Watching Fabio Cannavaro play football was not always easy for an Asian football writer.
The cool centre-back rarely came east but I was there at his peak in 2006 at the World Cup when he lifted the trophy. The final stands out for other incidents but what was striking about the defender was his economy of movement.
Energy wasn’t wasted. It was all in the head. Watching, waiting and anticipating – he knew where to be and where to go, even when the action was at the opposite end of the field. It usually worked while his brain did the thinking and his feet did what running was necessary, his hands ended up lifting the World Cup after victory over France.
Such exemplary decision-making does not seem to have made it into his coaching career however. Cannavaro is making a mistake in returning to Guangzhou Evergrande as head coach, as announced on Thursday.
He has returned. There is a cliche in football that says you should never go back. This usually applies to places where you have had success and are looking for a second dose. It rarely works. Second chances for those who have failed – or who have been deemed to have failed – are much less common.
Today I would like to announce I am the new coach of Guangzhou Evergrande FC. I am extremely proud to be returning to Guangzhou and grateful for the opportunity. I am looking forward to success in the new season. Never say goodbye #guangzhou #evergrande #neversaygoodbye pic.twitter.com/WwWRiL7Byo
— Fabio Cannavaro (@fabiocannavaro) November 9, 2017
Cannavaro was appointed to succeed Marcello Lippi as head coach at the end of the 2014 season. Almost exactly three years ago.
Lippi, the head coach of Italy’s 2006 team, had departed after leading the team to three Chinese Super League titles and one Asian Champions League triumph. Cannavaro had little coaching experience but was given the job.
After seven months, he was fired. At the time of his departure, Guangzhou were top of the league – just – and still in the Asian Champions League, one that the team would go on to win later in the year.
There were issues. There had been some criticism of the team’s defending, which had seemed less solid than in the past. There were also barbs directed at the coach for playing star striker Elkeson in an Asian Champions League group game when Guangzhou had already booked a place in the knockout stage. The Brazilian hotshot picked up an injury.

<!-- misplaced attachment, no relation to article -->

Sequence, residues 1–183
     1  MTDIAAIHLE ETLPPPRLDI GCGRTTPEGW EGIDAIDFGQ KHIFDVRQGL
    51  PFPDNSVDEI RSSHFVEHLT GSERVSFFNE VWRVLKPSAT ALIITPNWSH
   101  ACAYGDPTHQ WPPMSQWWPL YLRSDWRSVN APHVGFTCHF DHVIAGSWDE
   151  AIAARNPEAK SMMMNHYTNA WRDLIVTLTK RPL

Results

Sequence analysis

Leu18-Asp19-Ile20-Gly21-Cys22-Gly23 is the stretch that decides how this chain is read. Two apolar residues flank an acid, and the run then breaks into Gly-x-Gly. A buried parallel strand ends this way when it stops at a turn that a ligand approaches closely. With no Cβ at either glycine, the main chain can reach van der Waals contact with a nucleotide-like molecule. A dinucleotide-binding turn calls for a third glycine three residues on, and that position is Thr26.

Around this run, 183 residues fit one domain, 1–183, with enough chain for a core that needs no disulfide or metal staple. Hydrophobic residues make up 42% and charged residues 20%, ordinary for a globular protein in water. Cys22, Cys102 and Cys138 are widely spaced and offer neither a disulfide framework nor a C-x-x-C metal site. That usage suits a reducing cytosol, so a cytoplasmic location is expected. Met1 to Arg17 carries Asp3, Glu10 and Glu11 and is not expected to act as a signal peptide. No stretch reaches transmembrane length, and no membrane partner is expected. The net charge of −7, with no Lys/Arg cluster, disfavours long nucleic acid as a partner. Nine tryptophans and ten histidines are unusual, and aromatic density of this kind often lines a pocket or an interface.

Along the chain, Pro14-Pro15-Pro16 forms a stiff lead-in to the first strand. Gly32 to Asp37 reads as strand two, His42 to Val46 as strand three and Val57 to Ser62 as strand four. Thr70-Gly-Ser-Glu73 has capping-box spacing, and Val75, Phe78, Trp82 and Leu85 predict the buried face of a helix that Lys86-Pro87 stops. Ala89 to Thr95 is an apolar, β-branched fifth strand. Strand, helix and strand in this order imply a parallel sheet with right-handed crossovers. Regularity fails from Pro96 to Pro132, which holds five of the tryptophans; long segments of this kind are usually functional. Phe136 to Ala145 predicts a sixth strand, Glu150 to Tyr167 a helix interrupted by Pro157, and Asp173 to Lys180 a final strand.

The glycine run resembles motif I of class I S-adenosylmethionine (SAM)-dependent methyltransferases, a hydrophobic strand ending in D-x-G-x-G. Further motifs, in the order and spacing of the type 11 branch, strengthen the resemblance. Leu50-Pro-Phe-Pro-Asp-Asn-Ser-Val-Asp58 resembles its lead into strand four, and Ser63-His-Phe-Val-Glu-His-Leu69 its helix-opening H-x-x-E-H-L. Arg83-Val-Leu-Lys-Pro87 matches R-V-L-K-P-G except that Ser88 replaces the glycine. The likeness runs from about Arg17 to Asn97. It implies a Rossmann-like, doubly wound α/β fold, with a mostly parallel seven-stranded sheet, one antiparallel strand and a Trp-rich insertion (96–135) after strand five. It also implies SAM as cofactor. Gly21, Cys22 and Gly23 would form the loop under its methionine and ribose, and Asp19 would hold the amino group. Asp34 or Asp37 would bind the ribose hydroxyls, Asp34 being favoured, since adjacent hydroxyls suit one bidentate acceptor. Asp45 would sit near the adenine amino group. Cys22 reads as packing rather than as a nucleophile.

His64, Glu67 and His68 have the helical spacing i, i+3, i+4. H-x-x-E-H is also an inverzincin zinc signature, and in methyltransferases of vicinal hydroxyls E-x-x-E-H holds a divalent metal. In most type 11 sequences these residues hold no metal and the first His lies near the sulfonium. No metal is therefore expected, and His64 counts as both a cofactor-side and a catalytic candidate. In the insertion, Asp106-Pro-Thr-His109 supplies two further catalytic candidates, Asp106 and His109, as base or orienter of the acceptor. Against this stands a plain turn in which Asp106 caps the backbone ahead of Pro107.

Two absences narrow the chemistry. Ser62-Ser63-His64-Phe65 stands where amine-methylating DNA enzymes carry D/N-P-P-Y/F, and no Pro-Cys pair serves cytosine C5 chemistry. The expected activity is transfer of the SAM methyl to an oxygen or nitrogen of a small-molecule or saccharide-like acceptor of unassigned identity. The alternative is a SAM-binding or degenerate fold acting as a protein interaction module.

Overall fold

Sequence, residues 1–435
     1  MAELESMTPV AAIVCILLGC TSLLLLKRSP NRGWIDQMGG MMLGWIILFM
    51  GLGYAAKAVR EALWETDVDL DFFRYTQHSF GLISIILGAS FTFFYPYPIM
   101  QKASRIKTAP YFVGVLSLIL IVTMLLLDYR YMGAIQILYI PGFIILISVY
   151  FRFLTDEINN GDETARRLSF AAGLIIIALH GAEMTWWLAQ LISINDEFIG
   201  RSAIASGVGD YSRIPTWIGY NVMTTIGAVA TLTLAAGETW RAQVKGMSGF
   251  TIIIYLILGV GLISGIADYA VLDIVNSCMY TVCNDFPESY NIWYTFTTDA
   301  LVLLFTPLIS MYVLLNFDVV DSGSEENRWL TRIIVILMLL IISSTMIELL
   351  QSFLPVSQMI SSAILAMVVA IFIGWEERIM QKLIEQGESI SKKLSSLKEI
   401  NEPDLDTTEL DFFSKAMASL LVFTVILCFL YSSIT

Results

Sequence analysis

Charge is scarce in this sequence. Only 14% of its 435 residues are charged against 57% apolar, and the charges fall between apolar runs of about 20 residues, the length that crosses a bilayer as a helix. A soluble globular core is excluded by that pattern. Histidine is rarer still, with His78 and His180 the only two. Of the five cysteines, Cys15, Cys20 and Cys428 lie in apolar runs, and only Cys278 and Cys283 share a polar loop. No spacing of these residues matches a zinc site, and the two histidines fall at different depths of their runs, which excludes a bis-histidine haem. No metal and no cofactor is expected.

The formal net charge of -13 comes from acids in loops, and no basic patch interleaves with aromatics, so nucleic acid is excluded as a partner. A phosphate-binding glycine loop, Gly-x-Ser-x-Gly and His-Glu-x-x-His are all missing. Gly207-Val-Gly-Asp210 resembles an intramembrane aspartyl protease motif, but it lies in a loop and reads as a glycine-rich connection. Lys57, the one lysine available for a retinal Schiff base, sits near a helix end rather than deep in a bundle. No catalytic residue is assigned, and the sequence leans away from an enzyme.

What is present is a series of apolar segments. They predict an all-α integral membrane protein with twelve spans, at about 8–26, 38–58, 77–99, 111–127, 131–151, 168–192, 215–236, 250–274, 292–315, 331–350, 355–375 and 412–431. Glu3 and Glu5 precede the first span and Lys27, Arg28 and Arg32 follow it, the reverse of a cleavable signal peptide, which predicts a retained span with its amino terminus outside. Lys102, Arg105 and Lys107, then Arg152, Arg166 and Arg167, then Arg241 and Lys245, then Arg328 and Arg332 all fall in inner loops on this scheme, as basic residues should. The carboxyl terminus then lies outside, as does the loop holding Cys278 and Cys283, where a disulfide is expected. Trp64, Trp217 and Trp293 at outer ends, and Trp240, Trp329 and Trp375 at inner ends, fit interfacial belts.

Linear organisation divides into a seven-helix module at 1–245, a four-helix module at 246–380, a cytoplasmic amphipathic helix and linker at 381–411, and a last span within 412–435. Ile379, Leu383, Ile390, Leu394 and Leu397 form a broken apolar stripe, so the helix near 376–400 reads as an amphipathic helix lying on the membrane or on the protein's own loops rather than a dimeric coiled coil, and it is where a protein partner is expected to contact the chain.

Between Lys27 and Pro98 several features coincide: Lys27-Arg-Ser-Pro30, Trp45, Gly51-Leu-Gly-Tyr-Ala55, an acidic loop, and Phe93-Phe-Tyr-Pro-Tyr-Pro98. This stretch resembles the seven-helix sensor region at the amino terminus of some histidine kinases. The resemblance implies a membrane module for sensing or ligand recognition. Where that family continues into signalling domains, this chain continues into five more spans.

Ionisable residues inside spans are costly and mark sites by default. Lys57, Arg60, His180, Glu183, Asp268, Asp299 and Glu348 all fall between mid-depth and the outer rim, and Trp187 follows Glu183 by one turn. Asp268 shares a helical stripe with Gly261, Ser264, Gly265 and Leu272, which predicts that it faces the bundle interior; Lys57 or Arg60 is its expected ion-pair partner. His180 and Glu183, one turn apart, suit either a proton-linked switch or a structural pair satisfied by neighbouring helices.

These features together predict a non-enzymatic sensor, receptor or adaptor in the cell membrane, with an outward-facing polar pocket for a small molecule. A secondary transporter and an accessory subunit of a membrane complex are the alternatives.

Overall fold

Overall though, he seemed to be doing OK before being given the boot. There were comments from the club about a desire to pursue a more Brazilian style of play. In came Luiz Felipe Scolari, a Brazilian, yes, but not one known for consistently producing sexy samba football. Yet he had won the 2002 World Cup and was certainly a big name. Now Scolari has left, after almost exactly the same amount of time in the job as Lippi and by also winning three league and one continental title. His successor is his predecessor.
Cannavaro had resigned as head coach of Tianjin Quanjian just days previously as the 2017 Chinese Super League ended. It is understandable to that the coach may feel he has unfinished business at Guangzhou. Nobody likes being fired, especially when you are top of the league.
— Fabio Cannavaro (@fabiocannavaro) November 4, 2017
But going back is not the right step. The job is bigger, Guangzhou are the biggest team in China and Asia. This is a real powerhouse, watched by 45,000 fans on a regular basis in the city formerly known as Canton. These fans expect success as do those in charge. Funds will be available and there is already a strong squad in place – just as there was back in 2014.
But if he does win the title in 2018. It will be the eighth successive league crown for Guangzhou. It will not be widely celebrated as it is expected and has become almost routine. This is a club that has been built by others and is already a powerhouse.
In Tianjin, it is all new. He was building something. He was building a team that won promotion in 2016 to the top tier and then finished third in 2017. This is impressive. He was building a team ready to challenge for the title next season and embark on its first ever Asian Champions League adventure.
He was also building his own coaching reputation. He had taken a team in tier two to the top of Chinese football. If he had taken Tianjin to the 2018 title, it would have been hailed as one of the finest coaching achievements in Chinese and Asian football history. It would have been his own success.
Now he is taking over the team that has won the last seven league titles. At best, he will just be another Guangzhou coach who won the league. At Tianjin, he could have become a legend. He should have had more ambition. For the most sure-footed of defenders, this is a rare mis-step.